Spotlight & Giveaway at Teddy Rose Book Reviews Plus More

Saturday, August 29
Spotlight at Svetlana's Reads and Views

Sunday, August 30
Excerpt at The Never-Ending Book

Monday, August 31
Review at Back Porchervations
Guest Post & Giveaway at Let Them Read Books

Tuesday, August 25, 2015

Sustained by @EmmaChse

Emma Chase is a new to me author. Sustained was a fun book. The entire book is told in a male point of view. Jake starts off as one of those guys, the ones who want to screw every woman. However, he gets a surprise and has to stop sewing his seed for a little while. Then comes Chelsea and her six kids she's raising after her brother and his wife died.

Jake is instantly attracted to her and from there, he does anything and everything for Chelsea and the 6 kids. He's an attorney, so of course the kids get into lots of trouble that he has to step in and play the lawyer.

As far as the story of this book, I liked it. I enjoyed reading Jake and Chelsea's story. I liked the two of them together and I really liked Jake's protective nature. When the book started, I mentioned earlier that Jake was one of those guys...the ones who swear they will never settle down. For me, Jake did a 180 too fast in the story. He went from a man who just wanted to have sex with women to family man over night. It seemed a little out of character to me, but I didn't let it pull me from the story.

Because, I did in fact, enjoy the story. I found myself picking it up during my busy day, wanting to know how the story would unfold. I would read the author again, for sure.

Lacey's Rating:

About the book

A knight in tarnished armor is still a knight.

When you’re a defense attorney in Washington, DC, you see firsthand how hard life can be, and that sometimes the only way to survive is to be harder. I, Jake Becker, have a reputation for being cold, callous, and intimidating—and that suits me just fine. In fact, it’s necessary when I’m breaking down a witness on the stand.

Complications don’t work for me—I’m a “need-to-know” type of man. If you’re my client, tell me the basic facts. If you’re my date, stick to what will turn you on. I’m not a therapist or Prince Charming—and I don’t pretend to be.

Then Chelsea McQuaid and her six orphaned nieces and nephews came along and complicated the ever-loving hell out of my life. Now I’m going to Mommy and Me classes, One Direction concerts, the emergency room, and arguing cases in the principal’s office.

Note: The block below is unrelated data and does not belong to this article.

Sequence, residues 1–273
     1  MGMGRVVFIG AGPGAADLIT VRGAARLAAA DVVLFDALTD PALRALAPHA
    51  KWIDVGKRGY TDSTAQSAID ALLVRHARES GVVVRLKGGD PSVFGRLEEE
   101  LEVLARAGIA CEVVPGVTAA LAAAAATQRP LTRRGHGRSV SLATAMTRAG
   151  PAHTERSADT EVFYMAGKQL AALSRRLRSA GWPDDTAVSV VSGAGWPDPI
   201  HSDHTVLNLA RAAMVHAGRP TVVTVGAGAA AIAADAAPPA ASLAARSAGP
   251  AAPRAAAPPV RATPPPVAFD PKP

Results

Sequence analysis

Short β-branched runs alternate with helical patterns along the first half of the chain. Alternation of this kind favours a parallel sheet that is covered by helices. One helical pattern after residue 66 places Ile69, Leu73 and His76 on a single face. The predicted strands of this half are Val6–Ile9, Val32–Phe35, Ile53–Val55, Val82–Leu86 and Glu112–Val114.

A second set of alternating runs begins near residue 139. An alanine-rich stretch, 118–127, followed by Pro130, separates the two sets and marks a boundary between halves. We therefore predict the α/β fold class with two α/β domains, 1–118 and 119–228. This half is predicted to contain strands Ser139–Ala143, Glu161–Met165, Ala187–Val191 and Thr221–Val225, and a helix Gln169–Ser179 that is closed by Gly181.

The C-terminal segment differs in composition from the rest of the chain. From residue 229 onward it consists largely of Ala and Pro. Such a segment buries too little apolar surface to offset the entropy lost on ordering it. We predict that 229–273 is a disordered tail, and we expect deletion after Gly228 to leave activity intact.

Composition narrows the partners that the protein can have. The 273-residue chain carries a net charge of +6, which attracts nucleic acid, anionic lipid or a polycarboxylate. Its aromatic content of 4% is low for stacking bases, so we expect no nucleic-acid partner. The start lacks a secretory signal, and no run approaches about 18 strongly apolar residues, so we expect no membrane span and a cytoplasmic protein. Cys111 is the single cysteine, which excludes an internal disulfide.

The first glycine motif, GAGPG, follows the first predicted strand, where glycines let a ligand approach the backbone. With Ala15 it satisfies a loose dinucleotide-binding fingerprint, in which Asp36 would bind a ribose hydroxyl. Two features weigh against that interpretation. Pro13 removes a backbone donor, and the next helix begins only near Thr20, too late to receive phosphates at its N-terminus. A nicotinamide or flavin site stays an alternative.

Chelsea’s too sweet, too innocent, and too gorgeous for her own good. She tries to be tough, but she’s not. She needs someone to help her, defend her…and the kids.

And that—that, I know how to do.

Monday, August 24, 2015

Lethal In Love 3 by @msomerswriter - Book 3 in a thriller serial

And the series continues. I'm now on episode 3 of 6. Check out my review for book 1 and book 2.

The story really began to heat up in book 3. At this point, there are so many mysteries, my head is buzzing and trying to figure out how it all ties together. Who is The Night Terror? What does Jayda's father have to do with it? As well as all the people who live around Jayda in her apartment building? And of course, why is The Night Terror targeting her?

There is still an underlying romance plot between the reporter Seth and detective Jayda. Though, in this book I just wasn't feeling the connection between them. Jayda was very cold toward Seth, so for me it would be amazing if he in fact is still at all interested. I'm hoping in the next book, she will begin to be nicer to him. Maybe...

And this book ends with the worst cliffhanger so far. Wow, I couldn't believe it ended when it did. Needless to say, I am still hooked on this series and anxiously awaiting book 4.

Lacey's Rating:

About the book

Lethal in Love is a steamy romantic suspense about an instinct-driven detective and a sexy, scoop-hungry reporter, both on the hunt for a sadistic killer.

Jayda Thomasz is a sassy homicide detective who never lets her emotions get in the way of a case. So when a serial killer re-emerges after 25 years, the last thing she expects is to catch herself fantasising over the hot, smooth-talking stranger who crosses the path of her investigation.

Seth Friedin is a reporter chasing the story that'll make his career. When he enters the world of swinging for research, he never imagines he'll be distracted by a hard-talking female detective whose kiss plagues his mind long after she's gone.